Open government: a new paradigm in social change?

Rosie Williams: In a recent speech to the Australian and New Zealand School of Government (ANSOG) annual conference, technology journalist and academic Suelette Drefyus explained the growing ‘information asymmetry’ that characterises the current-day relationship between government and citizenry.

According to Dreyfus:

‘Big Data makes government very powerful in its relationship with the citizen. This is even more so with the rise of intelligent systems, software that increasingly trawls, matches and analyses that Big Data. And it is moving toward making more decisions once made by human beings.’

The role of technology in the delivery of government services gives much food for thought in terms of both its implications for potential good and the potential dangers it may pose. The concept of open government is an important one for the future of policy and democracy in Australia. Open government has at its core a recognition that the world has changed, that the ways people engage and who they engage with has transformed in ways that governments around the world must respond to in both technological and policy terms.

As described in the ANSOG speech, the change within government in how it uses technology is well underway, however in many regards we are at the very beginning of understanding and implementing the potential of data and technology in providing solutions to many of our shared problems. Australia’s pending membership of the Open Government Partnership is integral to how Australia responds to these challenges. Membership of the multi-lateral partnership requires the Australian government to create a National Action Plan based on consultation and demonstrate our credentials in the areas of Fiscal Transparency, Access to Information, Income and Asset Disclosure, and Citizen Engagement.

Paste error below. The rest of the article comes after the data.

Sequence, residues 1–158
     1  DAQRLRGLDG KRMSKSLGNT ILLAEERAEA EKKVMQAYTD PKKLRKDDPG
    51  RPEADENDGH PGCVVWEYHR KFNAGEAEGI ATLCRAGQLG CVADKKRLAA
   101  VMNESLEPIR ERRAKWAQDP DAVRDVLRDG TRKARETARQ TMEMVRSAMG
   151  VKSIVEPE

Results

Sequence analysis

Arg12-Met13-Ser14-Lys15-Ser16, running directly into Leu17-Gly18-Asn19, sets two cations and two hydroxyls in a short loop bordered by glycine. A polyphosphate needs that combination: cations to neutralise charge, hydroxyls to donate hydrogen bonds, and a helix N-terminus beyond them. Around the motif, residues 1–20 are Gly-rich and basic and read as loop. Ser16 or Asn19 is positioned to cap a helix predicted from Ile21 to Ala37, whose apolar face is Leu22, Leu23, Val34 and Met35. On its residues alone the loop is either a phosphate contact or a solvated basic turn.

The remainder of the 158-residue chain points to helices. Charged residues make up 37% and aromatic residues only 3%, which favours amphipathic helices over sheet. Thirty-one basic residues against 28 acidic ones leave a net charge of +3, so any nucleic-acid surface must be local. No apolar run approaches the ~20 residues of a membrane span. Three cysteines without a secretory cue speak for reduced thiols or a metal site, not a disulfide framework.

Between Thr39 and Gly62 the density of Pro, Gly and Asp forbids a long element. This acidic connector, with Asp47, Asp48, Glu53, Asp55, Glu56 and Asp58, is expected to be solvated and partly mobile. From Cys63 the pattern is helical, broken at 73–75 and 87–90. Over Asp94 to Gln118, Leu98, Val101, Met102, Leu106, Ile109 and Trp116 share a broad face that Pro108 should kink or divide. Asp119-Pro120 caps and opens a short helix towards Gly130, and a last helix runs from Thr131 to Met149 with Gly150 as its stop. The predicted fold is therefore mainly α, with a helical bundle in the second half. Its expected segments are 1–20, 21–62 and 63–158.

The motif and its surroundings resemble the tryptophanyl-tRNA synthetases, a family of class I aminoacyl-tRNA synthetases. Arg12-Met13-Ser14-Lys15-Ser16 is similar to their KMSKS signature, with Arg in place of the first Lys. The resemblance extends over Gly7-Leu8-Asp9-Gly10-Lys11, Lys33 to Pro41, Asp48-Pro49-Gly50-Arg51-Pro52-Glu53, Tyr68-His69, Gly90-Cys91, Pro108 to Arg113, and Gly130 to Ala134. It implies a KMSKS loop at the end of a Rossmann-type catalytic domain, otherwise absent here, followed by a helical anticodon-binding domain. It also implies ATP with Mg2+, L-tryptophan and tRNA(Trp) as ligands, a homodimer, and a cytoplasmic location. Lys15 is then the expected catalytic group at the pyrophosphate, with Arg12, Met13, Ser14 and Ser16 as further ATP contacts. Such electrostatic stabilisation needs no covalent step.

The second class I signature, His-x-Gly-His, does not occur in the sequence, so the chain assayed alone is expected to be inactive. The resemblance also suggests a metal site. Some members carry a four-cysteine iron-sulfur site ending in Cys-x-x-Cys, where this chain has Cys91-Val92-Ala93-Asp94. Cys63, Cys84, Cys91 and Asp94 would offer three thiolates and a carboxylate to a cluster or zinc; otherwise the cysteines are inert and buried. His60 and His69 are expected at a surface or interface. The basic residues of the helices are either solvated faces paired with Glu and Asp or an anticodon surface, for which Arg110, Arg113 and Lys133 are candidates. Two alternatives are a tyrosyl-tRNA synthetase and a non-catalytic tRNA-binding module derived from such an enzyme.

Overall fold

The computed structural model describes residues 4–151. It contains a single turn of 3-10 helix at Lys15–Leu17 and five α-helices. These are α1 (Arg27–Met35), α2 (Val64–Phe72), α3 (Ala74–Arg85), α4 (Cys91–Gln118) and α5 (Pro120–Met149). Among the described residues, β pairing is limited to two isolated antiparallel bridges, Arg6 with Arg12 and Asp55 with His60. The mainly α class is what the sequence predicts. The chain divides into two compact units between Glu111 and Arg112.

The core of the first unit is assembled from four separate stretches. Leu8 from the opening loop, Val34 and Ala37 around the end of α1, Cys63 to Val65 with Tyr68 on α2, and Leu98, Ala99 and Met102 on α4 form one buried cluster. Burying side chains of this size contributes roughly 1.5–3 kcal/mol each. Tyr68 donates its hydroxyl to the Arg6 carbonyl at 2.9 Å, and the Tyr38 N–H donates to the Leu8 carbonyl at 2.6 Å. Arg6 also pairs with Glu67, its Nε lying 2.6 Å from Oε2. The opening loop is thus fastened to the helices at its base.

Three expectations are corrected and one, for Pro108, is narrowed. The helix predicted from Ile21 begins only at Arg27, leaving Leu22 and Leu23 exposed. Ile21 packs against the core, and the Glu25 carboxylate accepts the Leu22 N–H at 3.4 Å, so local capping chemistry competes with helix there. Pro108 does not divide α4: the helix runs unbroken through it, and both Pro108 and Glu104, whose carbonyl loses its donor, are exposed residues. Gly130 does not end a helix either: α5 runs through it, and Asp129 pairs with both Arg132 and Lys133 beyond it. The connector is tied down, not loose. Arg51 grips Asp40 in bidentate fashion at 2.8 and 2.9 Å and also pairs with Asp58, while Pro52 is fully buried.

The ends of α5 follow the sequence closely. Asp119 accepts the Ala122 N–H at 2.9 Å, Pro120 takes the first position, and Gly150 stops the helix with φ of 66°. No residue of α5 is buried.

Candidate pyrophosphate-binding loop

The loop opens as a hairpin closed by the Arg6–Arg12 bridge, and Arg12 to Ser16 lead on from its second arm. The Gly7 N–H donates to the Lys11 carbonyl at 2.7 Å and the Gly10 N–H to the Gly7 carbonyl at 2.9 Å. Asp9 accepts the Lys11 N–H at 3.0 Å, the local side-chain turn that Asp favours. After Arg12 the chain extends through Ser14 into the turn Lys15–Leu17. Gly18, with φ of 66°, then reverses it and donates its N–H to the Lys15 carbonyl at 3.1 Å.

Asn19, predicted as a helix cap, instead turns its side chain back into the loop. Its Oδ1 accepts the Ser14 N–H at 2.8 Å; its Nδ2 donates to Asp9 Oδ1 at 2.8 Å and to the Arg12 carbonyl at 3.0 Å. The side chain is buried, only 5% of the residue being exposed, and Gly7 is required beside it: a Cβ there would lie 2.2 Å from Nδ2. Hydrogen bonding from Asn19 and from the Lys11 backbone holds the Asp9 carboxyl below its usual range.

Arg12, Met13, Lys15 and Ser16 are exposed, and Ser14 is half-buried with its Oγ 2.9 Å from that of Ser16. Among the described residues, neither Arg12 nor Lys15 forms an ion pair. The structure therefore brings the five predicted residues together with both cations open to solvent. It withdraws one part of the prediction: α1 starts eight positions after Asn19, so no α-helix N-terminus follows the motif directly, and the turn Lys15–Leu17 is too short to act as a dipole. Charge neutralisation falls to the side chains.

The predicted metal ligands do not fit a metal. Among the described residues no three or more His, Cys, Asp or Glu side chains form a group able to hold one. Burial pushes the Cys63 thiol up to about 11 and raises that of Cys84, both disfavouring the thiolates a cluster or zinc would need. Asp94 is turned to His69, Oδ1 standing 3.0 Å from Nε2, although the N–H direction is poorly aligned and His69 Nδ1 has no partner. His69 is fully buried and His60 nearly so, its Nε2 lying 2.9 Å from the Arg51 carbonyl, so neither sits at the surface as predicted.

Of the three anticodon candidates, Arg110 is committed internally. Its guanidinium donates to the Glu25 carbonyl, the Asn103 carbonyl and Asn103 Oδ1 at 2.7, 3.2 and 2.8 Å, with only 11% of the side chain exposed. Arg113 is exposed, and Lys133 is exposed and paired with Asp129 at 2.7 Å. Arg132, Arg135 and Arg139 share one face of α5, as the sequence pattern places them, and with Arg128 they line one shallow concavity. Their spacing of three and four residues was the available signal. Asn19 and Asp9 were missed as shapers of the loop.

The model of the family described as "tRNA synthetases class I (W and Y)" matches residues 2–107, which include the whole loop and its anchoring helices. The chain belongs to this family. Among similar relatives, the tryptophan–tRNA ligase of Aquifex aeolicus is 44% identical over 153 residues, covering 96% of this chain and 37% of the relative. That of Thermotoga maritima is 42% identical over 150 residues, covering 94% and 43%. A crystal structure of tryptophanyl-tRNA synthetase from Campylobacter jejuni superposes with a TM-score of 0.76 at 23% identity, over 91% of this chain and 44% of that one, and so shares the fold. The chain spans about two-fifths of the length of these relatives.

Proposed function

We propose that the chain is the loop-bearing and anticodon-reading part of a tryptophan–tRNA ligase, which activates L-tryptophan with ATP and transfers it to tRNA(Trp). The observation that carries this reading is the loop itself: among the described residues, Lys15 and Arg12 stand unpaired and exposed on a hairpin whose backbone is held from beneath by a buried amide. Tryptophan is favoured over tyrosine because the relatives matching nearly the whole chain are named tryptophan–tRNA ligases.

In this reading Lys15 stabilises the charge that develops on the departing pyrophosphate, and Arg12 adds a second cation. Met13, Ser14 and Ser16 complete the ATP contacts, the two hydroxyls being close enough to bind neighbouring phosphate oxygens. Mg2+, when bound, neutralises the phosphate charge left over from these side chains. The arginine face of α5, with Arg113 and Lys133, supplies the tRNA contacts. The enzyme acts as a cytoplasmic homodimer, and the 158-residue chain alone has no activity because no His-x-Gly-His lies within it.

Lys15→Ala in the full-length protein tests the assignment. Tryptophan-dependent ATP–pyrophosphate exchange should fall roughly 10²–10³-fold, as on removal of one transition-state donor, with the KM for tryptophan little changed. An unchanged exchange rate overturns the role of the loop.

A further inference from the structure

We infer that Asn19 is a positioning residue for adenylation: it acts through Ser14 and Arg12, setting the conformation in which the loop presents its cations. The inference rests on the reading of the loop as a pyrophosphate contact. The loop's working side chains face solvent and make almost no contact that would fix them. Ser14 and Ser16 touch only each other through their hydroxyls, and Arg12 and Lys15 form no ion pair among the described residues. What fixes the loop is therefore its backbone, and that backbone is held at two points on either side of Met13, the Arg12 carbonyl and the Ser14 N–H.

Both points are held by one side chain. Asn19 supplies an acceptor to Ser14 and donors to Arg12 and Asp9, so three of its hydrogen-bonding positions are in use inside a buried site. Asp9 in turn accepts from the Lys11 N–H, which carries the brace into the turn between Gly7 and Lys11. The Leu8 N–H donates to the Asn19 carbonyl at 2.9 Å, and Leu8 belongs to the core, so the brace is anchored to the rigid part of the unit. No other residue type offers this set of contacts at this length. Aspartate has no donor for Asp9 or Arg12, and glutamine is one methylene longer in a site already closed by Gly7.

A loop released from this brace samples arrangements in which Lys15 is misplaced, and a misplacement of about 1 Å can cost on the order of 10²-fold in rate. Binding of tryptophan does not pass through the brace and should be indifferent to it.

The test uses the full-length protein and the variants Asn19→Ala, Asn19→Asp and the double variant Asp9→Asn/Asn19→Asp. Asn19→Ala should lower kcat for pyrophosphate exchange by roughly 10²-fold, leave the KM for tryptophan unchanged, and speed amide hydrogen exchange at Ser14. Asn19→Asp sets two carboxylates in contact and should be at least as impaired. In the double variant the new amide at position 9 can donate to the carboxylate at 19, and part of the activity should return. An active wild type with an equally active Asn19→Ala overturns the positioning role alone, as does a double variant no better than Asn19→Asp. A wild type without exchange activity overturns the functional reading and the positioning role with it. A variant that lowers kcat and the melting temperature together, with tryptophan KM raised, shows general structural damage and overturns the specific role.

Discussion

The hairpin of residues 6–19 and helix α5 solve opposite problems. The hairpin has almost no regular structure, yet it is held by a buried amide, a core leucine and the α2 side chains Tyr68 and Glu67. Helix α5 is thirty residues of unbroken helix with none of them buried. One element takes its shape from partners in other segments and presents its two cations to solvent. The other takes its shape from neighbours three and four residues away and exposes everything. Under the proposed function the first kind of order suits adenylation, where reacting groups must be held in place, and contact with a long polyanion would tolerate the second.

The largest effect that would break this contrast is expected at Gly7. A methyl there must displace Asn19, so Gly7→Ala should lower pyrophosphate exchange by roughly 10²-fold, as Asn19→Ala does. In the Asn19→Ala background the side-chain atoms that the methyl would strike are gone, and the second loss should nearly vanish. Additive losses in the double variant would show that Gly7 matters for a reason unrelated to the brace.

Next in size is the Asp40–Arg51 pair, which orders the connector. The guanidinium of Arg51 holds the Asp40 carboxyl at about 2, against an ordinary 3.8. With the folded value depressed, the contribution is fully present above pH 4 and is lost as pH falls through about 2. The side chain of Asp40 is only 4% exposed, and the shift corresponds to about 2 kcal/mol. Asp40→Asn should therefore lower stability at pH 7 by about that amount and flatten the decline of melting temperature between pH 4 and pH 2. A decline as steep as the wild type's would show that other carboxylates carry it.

What are the implications of the National Action Plan for policy consultation formulation, implementation and evaluation? In relative terms, Australia’s history with open government is fairly recent. Policies on open data have seen the roll out of – a repository of data published by government agencies and made available for re-use in efforts such as the author’s own financial transparency site OpenAus.

In this way citizen activity and government come together for the purposes of achieving open government. These efforts express a new paradigm in government and activism where the responsibility for solving the problems of democracy are shared between government and the people as opposed to the government ‘solving’ the problems of a passive, receptive citizenry.

As the famous whistle-blowers have shown, citizens are no longer passive but this new capability also requires a consciousness of the responsibilities and accountability that go along with the powers newly developed by citizen activists through technological change.

The opening of data and communication channels in the formulation of public policy provides a way forward to create both a better informed citizenry and also better informed policy evaluation. When new standards of transparency are applied to wicked problems what shortcomings does this highlight?

This question was tested with my recent request for a basic fact missing from relevant government research and reviews but key to social issues of homelessness and domestic violence….(More)”